Part of the genius of my parents’ parenting was our farmhouse policy of whoever may be sick in the house at a given time has special sick privileges. The most common sicknesses were the ones that are familiar around the world—upper respiratory infections and stomach bugs. 

My parents, my older brother Nolen Robert, and I were relatively healthy as I was growing up, with no major illnesses during those years. Sure, we had health scares of more dreaded things from time to time, but good food from the farm and vicinity and plenty of physical labor with farm work typically kept us on an even keel.

Mother was the nurturer, made even sweeter by her gift for cooking the best tasting things in the world. Savory or sweet—it didn’t matter—she made the best of everything, even as I remember it now.

So when Nolen Robert or I got sick from any cause and had to stay in bed or laze around the house feeling puny for a time, we in many ways looked forward to our sick privileges. Daddy was a giver as well when we got sick. While he had no kitchen skills that I remember, he was eager to go through almost any weather to buy whatever we wanted from Uncle W. G.’s country grocery store that fortunately was only about a mile from our house.

Nolen Robert and I somehow knew that our sick privileges requests for Mother’s special cooking or Daddy’s going to the store for whatever we wanted were things they could practically do. For example, among my favorite requests when I got sick in cold weather, as I noted in a previous story, was to ask Mother to make me some tomato or chicken soup with a grilled cheese sandwich. If she needed an ingredient that was not on hand, Daddy went to Uncle W. G.’s store to get it as soon as he came in the house from chores. If I had some digestive problem, somewhere in my recovery I had to have Mother’s amazing mashed potatoes to soothe my stomach.

Everybody in my family liked sweets. Mother generally had a pie, cake, or cookies on hand that she had baked. She could magically whip out a batch of rice crispy treats in a matter of minutes. These were typically part of our lunches and suppers, but when Nolen Robert and I got sick we often craved a sweet that required Daddy to jump in the pickup and head to the store. It would usually be some sort of cookie, candy, or ice cream that we knew was not in our house at the time but that we were certain was at Uncle W. G.’s store. So my craved sweet when I got sick might be a package of Oreos, or chocolate pinwheels made with a cookie base with a marshmallow topping covered with chocolate. Or I might ask for chocolate ice cream.

Between what Mother cooked and what Daddy went to the store to get when Nolen Robert or I were sick, we had a pretty nice life while suffering from gallopin’ consumption, epizootic, or whatever else laid us low for a time. Daddy liked using these terms when Nolen Robert or I got a terrible cold, terms I thought he had made up but later learned were rooted in medical science. 

When my own children were growing up, my wife and I tried to practice such sick privileges for them. Our lives were different in town than what our childhood families knew, and both of us were not always around or near the house all day when Joy or Bob got sick. For a host of reasons, I doubt that their memories of being sick as children are quite the same as mine. I hope their memories of sick privileges are cherished, but that would be an unfair, leading question to ask them.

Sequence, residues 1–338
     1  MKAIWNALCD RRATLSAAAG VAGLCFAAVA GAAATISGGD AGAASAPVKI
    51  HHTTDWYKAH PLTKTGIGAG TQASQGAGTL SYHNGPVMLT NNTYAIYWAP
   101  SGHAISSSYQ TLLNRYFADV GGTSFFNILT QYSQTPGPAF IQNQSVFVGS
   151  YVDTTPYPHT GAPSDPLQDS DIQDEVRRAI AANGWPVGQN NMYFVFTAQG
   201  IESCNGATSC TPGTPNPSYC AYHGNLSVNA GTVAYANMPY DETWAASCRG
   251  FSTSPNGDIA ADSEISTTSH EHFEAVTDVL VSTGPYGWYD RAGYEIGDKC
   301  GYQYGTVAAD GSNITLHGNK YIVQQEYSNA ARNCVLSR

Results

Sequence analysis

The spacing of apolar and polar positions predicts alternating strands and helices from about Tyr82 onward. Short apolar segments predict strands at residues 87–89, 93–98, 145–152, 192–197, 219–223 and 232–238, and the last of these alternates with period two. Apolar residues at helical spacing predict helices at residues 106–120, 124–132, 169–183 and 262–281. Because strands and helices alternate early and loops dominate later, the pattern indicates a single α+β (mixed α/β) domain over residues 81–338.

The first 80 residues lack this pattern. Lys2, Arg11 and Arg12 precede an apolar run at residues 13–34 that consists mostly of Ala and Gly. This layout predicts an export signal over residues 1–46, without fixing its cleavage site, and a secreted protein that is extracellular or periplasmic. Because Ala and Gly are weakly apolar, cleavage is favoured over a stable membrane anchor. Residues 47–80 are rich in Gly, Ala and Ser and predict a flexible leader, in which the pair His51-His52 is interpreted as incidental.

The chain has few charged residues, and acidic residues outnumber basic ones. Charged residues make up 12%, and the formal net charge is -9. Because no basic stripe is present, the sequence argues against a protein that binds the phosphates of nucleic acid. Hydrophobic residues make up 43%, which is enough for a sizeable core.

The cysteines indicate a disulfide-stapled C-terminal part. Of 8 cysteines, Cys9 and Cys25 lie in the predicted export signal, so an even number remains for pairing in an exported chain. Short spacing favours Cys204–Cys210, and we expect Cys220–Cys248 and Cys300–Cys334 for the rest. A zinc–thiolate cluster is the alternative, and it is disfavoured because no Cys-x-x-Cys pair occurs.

Ellen picked up a virus last week while accompanying me to visit my ear, nose, and throat specialist who has been treating a chronic sinus infection. She sat in the waiting room in front of a very sick child who coughed without covering his mouth. So Ellen developed a sore throat within hours that turned into a rare, for her, upper respiratory infection that has lasted over a week now.

She knows when she’s feeling puny that she has special sick privileges. One day this week she asked me to make a sinfully delicious, thick grilled cheese sandwich on dark rye to accompany a pot of hefty, brothy homemade lentil soup we made together. She loved the meal, as I did. Who wouldn’t?

Then this morning, after reading a draft of this story, she asked me to go to the store and buy her a package of chocolate-covered pinwheels made with a cookie base topped with marshmallow under the layer of chocolate. So I did.

A customer took this shot of me buying a package of those amazing Nabisco Pure Chocolate and Marshmallow Cookies, or Pinwheels. The lady who took the picture walked away chuckling at my merciful purchase.

A customer took this shot of me buying a package of those amazing Nabisco Pure Chocolate and Marshmallow Cookies, or Pinwheels. The lady who took the picture walked away chuckling at my merciful purchase.

As we finished our lunch, Ellen opened the bag of Pinwheels and had one for dessert. She was excited, almost happy to still be sick with a nasty virus.

When she handed the bag of cookies to me, I had one and remembered how nice it was to have chosen this particular blog post to write today. I enjoyed that Pinwheel a bunch. I began to think more about my parents’ benefits from being so good to Nolen Robert and me. These privileges were part of making us happy kids, whether we felt top-notch or not. It made our parents happier to make us happy when we were ailing.

So this childhood memory of my farmhouse sick privileges has carried over into our home on this late-winter day in Austin. The memory came alive for me today. 

Then I thought, “Mother and Daddy almost always had some of the special treats that Nolen Robert and I asked for.”  Yep, sick privileges for family members is a good household policy anywhere it’s feasible, not just a good farmhouse policy from decades ago, far away from today’s often rushed routines.

Related posts:

Sayings That Stuck

Still a Kid

Birth of a Memoir

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